Monday, March 19, 2007

Rabbi Meir Yaakov Soloveichik

Rav Meir Yaakov Soloveichick is a friend of mine. I saw him grow from a brilliant student in Yeshivas Brisk to a brilliant student in Yeshiva University, to a brilliant thinker in his own right. He is truly a man for the future. And although he is my Rebbe’s grandson in body, he is his is great uncle’s grandson in spirit. His brilliance in Torah knowledge speaks for itself. But as a PhD candidate in philosophy he clearly comes closer in thought to his great uncle than to his grandfather.

Of course I do not mean to compare his greatness to that of his illustrious uncle or even his grandfather. Nor would I even compare him to his own father, Rav Eliyahu Soloveichik, who is one of the great Talmidei Chachamim of our generation. I am absolutely convinced Rav Meir would agree with me about that. But that just speaks of the magnitudes of order of greatness that Rav Joseph B. Soloveitchik and his brother Rav Aaron Soloveichik stood out in comparrison to the great Torah figures of the present time. Though not yet reaching their level, Rav Meir is still a giant… a budding one to be sure but a giant still among men, none the less.

He has written an article in commentary magazine that is
discussed by Rabbi Adlerstein which speaks to an issue touched upon here, most recently yesterday… the issue of interfaith dialogue.

Rav Meir Soloveichik writes in Commentary Magazine a critique of a book written by Oxford-trained Catholic theologian, Maria Johnson, Strangers and Neighbors: What I Have Learned About Christianity by Living Among Orthodox Jews .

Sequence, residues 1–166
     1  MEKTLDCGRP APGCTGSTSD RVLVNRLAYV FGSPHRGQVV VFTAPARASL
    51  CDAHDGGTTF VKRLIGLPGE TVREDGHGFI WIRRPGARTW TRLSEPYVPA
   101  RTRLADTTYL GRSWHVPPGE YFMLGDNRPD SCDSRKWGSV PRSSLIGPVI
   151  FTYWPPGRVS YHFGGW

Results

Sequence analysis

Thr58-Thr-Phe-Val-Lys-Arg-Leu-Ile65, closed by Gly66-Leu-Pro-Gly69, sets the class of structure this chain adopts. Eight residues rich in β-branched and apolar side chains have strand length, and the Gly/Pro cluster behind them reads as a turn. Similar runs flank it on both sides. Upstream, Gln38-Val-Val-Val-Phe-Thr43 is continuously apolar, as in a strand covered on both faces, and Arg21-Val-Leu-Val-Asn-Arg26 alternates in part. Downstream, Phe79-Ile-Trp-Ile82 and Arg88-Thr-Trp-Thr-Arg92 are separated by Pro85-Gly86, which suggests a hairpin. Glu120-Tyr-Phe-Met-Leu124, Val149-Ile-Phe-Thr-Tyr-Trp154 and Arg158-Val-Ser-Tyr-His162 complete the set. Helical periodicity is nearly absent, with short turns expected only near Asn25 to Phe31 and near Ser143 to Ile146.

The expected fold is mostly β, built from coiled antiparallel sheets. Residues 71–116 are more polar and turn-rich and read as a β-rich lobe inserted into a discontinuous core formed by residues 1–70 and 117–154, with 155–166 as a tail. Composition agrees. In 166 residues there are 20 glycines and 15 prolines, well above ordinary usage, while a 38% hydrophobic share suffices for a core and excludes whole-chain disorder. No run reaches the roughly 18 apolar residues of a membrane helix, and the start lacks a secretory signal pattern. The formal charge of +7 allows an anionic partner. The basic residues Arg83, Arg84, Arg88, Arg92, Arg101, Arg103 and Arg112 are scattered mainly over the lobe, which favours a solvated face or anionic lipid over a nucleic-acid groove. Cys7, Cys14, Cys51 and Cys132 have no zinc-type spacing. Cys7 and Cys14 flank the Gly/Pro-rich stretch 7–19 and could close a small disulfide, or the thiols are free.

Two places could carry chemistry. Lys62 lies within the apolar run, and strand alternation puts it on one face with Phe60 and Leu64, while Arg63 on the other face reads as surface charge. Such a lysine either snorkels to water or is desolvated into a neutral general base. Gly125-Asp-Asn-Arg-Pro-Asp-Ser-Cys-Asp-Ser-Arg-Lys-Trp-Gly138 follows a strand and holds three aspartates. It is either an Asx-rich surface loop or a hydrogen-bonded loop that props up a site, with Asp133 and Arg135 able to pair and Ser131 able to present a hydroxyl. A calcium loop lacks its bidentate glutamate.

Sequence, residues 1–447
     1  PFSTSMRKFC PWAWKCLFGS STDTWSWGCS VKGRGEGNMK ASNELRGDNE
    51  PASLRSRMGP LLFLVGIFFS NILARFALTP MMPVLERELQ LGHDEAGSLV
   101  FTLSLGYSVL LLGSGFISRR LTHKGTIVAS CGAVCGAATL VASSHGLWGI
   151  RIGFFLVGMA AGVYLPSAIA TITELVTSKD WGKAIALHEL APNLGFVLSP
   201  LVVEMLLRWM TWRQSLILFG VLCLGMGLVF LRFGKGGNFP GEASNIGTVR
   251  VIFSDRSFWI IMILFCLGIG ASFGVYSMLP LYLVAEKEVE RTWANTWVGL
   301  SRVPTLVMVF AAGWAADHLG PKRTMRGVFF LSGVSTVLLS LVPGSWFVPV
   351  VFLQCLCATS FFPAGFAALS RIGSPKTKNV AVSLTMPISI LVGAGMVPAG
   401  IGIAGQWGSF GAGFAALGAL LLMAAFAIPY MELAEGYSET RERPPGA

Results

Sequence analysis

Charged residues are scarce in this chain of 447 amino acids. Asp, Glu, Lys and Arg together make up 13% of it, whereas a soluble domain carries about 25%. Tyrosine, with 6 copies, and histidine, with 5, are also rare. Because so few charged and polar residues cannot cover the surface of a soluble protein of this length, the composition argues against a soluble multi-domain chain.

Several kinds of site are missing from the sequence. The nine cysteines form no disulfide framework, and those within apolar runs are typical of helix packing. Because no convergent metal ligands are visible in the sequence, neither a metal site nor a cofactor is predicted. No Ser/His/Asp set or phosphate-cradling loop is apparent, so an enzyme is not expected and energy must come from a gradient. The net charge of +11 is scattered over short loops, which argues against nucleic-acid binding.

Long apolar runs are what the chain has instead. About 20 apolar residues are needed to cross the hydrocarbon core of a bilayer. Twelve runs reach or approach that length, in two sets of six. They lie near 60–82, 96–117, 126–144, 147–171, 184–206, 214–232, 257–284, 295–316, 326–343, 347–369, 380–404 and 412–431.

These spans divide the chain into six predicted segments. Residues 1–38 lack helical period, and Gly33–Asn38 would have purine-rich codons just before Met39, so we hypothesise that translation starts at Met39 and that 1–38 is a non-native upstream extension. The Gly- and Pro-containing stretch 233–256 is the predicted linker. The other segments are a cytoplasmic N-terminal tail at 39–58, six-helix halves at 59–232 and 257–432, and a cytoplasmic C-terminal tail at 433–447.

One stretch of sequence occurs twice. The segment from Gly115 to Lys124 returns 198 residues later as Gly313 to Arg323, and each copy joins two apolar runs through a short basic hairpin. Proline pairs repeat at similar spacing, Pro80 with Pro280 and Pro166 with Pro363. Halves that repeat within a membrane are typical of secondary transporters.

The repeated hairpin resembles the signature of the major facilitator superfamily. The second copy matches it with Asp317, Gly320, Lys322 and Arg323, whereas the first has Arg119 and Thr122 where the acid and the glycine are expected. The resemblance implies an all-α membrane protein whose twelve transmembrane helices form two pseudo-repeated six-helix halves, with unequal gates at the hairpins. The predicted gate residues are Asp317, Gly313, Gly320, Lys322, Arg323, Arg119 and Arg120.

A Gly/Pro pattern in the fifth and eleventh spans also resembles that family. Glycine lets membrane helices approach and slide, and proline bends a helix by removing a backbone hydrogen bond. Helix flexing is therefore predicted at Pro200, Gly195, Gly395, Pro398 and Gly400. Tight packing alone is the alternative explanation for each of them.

As Rav Adlersaten describes it, he basically uses her book to lambaste those Jewish theologians like A.J. Heshel, David Hartman, and Irving Greenberg who have advocated dialogue and claim that the specificities of Judaism’s rituals are not as important as the universal truths that all faiths have in common. Dr. Johnson’s book refutes this notion. She claims the opposite to be the case. She “has learned to appreciate how the constant focus on G-d’s Will does bring people closer to Him.”

This, says Rav Addlerstien, harkens back to the Rav’s own views:

“In a 1964 talk that remains the position paper of Orthodoxy regarding interfaith theological dialogue, Rav Soloveichik opined that “Standardization of practices, equalization of dogmatic certitudes, and the waiving of eschatological claims spell the end of the vibrant and great faith experience of any religious community.” Attempting to bring faith communities closer together by diluting the strength of their beliefs would be destructive to the faiths of both.”

I recall my time spent with Rav Meir on those occasions when he was a student at Yeshiva University. He was a dear friend to my daughter and son in law who was also a student at YU at the time and he would often come by on a Shabbos when I was there and we would have some great discussions. So also when he would visit his parents in Chicago for the Yomim Tovim. Our views were pretty close then as I recall. And it seems, they still are.